Since only every 2nd number in a consecetuive series of integer values can be divided by 2 without leaving a remainder (even numbers), this can be used to constantly switch the css class between 'row-a' and 'row-b'.

Alright, I hope this little tutorial will help some new folks, and maybe some others as well.

--Felix Geisendörfer aka the_undefined


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Daniel Hofstetter said on Oct 11, 2006:

Just a detail, but I would use indentations for conditions and loops.

Felix Geisendörfer said on Oct 11, 2006:

Daniel, yeah, I often do that. But for short examples like the ones above I find myself more happy to skip them, but again - that's just a personal preference.

Tom said on Oct 11, 2006:

Aaah, didn't know the line break thingy, ty Felix!

Tobias said on Oct 12, 2006:

just wanted to suggest a change in your zebra-striped table:

better use
($num % 2 == 0)

this way it's more clear, that this is an if-statement

The way you have it, it's working the other way around: The statement is true, when the modulo equals the int 1 (1,3,5,7, ...), which is then interpreted as true in php. Might be confusing.

And thx about the linebreak thing, did not know that either :-)

Dieter@be  said on Oct 12, 2006:

($num % 2 == 0) ---> now that's ugly code, especially for a types-less language like php (yes yes not really types-less but you know what i mean)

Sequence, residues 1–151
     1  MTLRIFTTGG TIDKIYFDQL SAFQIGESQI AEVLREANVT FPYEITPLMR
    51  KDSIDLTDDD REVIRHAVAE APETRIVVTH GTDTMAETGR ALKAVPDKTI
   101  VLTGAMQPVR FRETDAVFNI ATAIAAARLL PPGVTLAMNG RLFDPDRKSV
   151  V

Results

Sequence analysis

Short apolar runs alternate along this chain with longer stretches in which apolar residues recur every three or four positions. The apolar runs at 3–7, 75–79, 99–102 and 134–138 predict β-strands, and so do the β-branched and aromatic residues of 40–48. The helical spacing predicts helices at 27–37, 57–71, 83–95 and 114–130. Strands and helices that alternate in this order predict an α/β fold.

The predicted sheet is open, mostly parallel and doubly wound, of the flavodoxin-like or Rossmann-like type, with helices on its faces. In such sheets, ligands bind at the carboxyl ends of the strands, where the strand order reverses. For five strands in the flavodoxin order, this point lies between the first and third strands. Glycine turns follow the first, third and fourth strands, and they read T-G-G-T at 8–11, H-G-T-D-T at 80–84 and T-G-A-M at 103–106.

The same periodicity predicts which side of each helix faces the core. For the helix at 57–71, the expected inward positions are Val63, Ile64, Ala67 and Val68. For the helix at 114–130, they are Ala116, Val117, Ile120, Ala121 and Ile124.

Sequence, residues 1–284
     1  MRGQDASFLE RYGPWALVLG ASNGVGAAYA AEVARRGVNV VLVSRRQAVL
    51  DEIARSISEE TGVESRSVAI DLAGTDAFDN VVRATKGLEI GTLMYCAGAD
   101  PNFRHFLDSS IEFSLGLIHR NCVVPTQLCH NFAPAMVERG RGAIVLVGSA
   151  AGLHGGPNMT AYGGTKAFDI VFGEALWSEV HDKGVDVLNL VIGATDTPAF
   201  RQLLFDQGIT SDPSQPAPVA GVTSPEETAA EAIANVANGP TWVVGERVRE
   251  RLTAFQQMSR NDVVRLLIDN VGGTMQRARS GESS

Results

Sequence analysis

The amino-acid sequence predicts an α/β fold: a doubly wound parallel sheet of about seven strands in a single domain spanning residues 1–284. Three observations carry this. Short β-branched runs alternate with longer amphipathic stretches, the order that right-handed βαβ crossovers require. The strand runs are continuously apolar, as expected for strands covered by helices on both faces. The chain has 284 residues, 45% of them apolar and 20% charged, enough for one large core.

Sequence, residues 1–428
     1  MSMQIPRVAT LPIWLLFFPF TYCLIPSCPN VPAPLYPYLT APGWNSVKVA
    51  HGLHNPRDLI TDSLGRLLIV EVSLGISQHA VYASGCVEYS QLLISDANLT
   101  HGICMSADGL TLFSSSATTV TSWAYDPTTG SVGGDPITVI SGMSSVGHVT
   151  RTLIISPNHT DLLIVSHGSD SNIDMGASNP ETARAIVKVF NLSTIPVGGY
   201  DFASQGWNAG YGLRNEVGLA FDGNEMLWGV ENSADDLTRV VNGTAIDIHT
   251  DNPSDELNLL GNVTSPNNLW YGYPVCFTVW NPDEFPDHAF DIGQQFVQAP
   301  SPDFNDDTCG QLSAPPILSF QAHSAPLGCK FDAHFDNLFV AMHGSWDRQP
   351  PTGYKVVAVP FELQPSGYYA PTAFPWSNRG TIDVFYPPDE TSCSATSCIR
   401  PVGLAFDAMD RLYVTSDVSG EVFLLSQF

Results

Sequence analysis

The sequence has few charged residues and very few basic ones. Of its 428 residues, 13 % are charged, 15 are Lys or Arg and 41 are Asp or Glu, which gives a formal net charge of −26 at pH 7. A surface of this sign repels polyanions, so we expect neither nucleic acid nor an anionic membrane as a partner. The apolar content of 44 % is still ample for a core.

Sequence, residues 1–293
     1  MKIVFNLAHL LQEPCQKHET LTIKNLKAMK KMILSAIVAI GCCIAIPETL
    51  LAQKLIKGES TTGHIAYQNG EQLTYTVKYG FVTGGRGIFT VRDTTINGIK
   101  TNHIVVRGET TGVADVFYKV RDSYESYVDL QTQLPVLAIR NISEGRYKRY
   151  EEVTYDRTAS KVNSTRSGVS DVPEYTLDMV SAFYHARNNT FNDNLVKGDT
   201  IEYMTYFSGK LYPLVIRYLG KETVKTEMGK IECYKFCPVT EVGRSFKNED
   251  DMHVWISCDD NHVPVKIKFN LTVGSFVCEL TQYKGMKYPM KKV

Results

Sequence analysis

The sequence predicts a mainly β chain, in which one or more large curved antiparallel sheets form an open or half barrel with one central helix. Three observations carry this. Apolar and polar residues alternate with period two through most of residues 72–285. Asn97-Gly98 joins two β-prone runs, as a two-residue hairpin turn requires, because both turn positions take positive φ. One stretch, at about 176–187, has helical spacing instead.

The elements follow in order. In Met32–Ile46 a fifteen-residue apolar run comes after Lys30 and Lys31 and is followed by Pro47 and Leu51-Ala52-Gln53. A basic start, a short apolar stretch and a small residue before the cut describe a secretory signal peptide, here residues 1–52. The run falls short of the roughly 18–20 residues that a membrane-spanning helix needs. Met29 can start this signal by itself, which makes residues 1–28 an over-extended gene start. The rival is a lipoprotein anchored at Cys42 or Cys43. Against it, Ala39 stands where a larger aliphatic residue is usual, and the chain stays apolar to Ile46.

anybody who is past the novice level of php programming will understand the code without the "== 0"

just my 2 cents ;-)

AD7six said on Oct 13, 2006:

Why do that at all, there is a function in cake that already takes care of that:


Felix Geisendörfer said on Oct 13, 2006:

Ad7six: Err don't get me wrong, but when trying to display a table Helpers are kind of getting into my way. I only use them for repetitive tasks that have small interface needs, for everything else I prefer elements.

MP:Schorsch said on Oct 16, 2006:

The linebreak is definitly a killer hint :-)
i used to add ."\n" to every echo, well not anymore!

Alexandre Magno said on Aug 07, 2007:

I think stripped rows made by a client side framework its better to clean your code. With Jquery, for example, this could be done by one line and inserted in a external javascript. But whatever, good code pratices, it helps me a lot...

Felix Geisendörfer said on Aug 07, 2007:

Alexandre Magno: Not everybody has JS enabled. If you need your site to look & feel good for all visitors using JS for the striped rows is no option. I do agree however that there are situations where you can use JS for this.

clow  said on Sep 19, 2007:

Using the modulo for table is awesome. It almost seems obvious now that you've pointed it out, nice and easy. And I agree for php it's prettier without the '== 0'. Been also checking out your ant article. I did some Java for none web apps and always wanted to get into. Ironic that I'm only getting into now that I've not touched Java for almost a year! Thanks for all the great info, you made my cake baking that much more enjoyable!

Marcus  said on Jul 20, 2008:

The line: < ?php echo ($num % 2) ? 'row-a': 'row-b'; ?>">

Could be :

< ?
if($num ++ >0){ $class = 'oddRow'}else{ $class = 'evenRow'};

//the you can use the class anywhere

redzone said on Sep 21, 2008:

thanks, it's very useful for me :)

Kevin M  said on Aug 12, 2009:

Doesn't #2 "Conditions" go against the CakePHP coding standard?